Jane Miszuk drives over the Skyway every day, to and from work. But riding her bicycle over the 110-foot-high bridge was a thrill she had not experienced before – especially riding downhill, with the wind blowing at her back and reaching speeds of almost 20 mph.
Miszuk on Saturday joined more than 800 bicyclists who pedaled over the Skyway – part of the first SkyRide, a 29-mile tour of the city and its developing bicycle trails.
“It was awesome being up there,” said Miszuk, who commutes to Independent Health from her Lackawanna home. “Just the wind blowing, the sun shining, the beautiful day, the sky so blue, it was beautiful up there. The scary part was riding down it when you’re going so fast.”
The Skyway was shut down for two hours so the cyclists, ranging from young children to senior citizens, made the journey.
Mary Simpson of Allentown said that when she drives her car over the Skyway, she wishes she were on a bike instead, to soak up “the best view of the lake and the city.” So, when the opportunity came about to cycle across it, Simpson didn’t think twice.
“The only people seeing the view of the lake cannot just be people in cars, cannot just be people in office buildings,” Simpson said. “So I commend GObike Buffalo for putting this together, and we need to take our roads back for everybody. They’re not just built for cars.”
GObike Buffalo, a nonprofit organization that advocates for environmentally sustainable and bicycle-friendly transportation options in the city, organized the tour Saturday to emphasize just that – Buffalo’s roads weren’t constructed for cars only.
Justin Booth, executive director of the organization, wanted area residents to experience the city’s new bicycle infrastructure, realize the city’s recent efforts to make Buffalo bike-friendly and experience how cycling can build the quality of life in Buffalo.
“People start riding their bikes as kids because it’s fun,” Booth said. “As adults, it’s kind of finding that fun again, but it also turns into whether it’s for your health, whether it’s for a better environment and improving air quality, or whether it’s for building the local economy.”
GObike Buffalo began organizing Saturday’s event in February, but the organization’s efforts to transform Buffalo from a stereotypically too-cold-to-bike area into one of the most bike-friendly cities in the country started long before then.
In 2008, Booth teamed up with the city to launch the Complete Streets Policy, which means each time the city develops, changes or designs a road, it must accommodate all modes of transportation on the streets.
Saturday’s tour took bicyclists down roads the city has retargeted in recent years for bicycle traffic, including Delaware Avenue downtown and South Park Avenue in South Buffalo.
Part of GObike Buffalo’s plan with the city is to conduct “road diets,” taking major thoroughfares like Delaware Avenue and replacing two lanes for motor vehicles in each direction with one lane in each direction and a bike path.
“We were a city that was built for a mass population. Now, we have half the population, half the amount of traffic,” said Booth, who cycles year-round and only uses a car when absolutely necessary. “So, we have opportunities where the threshold is 25,000 vehicles a day to do a ‘road diet.’ ”
This summer, the city is teaming with GObike Buffalo and a consulting firm, Alta Planning and Design, to work on a bicycle master plan over the next year. They will analyze Buffalo’s infrastructure, find ways to implement new bike paths and develop ways to make cycling safer.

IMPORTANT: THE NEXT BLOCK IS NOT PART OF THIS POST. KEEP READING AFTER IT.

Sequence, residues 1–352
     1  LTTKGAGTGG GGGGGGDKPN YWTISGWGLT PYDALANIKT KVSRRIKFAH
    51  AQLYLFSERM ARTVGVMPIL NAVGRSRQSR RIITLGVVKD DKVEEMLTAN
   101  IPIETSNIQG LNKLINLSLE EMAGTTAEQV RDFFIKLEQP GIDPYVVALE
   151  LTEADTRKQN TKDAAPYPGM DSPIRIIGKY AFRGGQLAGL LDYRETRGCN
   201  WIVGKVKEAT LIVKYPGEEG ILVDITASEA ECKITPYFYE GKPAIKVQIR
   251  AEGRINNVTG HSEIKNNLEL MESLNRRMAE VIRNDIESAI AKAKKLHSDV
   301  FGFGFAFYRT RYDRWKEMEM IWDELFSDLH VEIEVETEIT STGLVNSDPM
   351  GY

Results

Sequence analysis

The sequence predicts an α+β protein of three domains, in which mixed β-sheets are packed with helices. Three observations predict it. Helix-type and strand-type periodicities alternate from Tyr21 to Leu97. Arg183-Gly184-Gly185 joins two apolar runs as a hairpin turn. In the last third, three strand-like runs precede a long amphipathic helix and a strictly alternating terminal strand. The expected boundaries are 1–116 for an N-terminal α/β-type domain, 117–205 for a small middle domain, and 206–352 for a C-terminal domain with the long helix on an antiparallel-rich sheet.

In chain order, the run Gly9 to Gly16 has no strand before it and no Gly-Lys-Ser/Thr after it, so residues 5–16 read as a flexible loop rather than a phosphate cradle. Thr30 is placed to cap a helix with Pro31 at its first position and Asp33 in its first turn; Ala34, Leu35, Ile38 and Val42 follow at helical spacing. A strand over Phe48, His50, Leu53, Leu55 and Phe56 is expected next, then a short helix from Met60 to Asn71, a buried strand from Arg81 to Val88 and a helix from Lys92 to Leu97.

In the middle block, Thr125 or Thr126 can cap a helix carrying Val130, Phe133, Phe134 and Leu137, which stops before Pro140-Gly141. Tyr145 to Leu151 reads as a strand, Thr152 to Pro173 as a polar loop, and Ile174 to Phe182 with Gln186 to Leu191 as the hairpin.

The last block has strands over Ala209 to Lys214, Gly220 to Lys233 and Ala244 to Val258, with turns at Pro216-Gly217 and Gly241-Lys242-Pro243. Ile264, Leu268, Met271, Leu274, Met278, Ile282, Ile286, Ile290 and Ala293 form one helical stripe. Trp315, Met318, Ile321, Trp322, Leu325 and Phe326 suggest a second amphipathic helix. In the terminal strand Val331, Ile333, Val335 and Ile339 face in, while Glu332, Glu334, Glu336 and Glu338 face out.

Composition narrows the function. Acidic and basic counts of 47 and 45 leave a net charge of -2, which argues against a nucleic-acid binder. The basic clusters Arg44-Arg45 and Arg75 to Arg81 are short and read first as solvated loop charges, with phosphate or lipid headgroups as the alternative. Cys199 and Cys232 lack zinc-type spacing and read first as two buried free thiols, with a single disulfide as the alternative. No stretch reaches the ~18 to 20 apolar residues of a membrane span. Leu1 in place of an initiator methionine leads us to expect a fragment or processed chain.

Buffalo has committed to adding 10 miles of bike lanes per year, and by next year, there will be 70 bicycle lane miles, according to Mayor Byron W. Brown. By the summer of 2015, for instance, the city is adding a bike path to Ohio Street, which will be separated from the road.
Many Buffalo residents want the city to be more bicycle friendly.
Anthony Armstrong, who participated in the Saturday tour with his wife and two children, cycles year-round.
Two to three times per week, he and his 5-year-old son, Milo, cycle from their Edward Street home in Allentown to prekindergarten at Bennett Park Montessori School on Clinton Street.
“At this point, Milo wants to do it as much if not more than me,” Anthony said of his son’s desire to cycle. “There was a day that it was 7 degrees out, and I said, ‘Milo, it’s a bus day.’ And he said, ‘No, I want to ride.’ So we rode.”
Milo rode a trailer bike that attaches to Anthony’s bike – much like he usually does on their commute to school. Milo used the pedals and handlebars to help his dad ride up the Skyway.
Dozens of parents brought their young ones to the bicycle tour.
Buffalo’s bicycle infrastructure is growing as the number of residents commuting by bike increases.
Buffalo ranked No. 14 in the country for residents who cycle to work, according to 2012 census data analyzed by the League of American Cyclists.
In 2013, Buffalo was awarded a bronze designation by the League of American Bicyclists, which rates cities on a platinum, silver or bronze level for how bicycle friendly they are.
Michael Cropp, a GObike Buffalo board member, said there is no reason Buffalo can’t achieve platinum, and added that Saturday’s ride was an important milestone toward reaching that goal.
Alex Davies, the manager of Campus Wheelworks on Elmwood Avenue, has watched bicycle business steadily increase.
“It’s been growing by leaps and bounds in the last three to five years,” Davies said. “GObike has been a very big part of that, creating an infrastrucutre that is more friendly to bicycles in Buffalo by adding new bike routes, new greenway paths, shared roadways that are bike paths and bike routes.”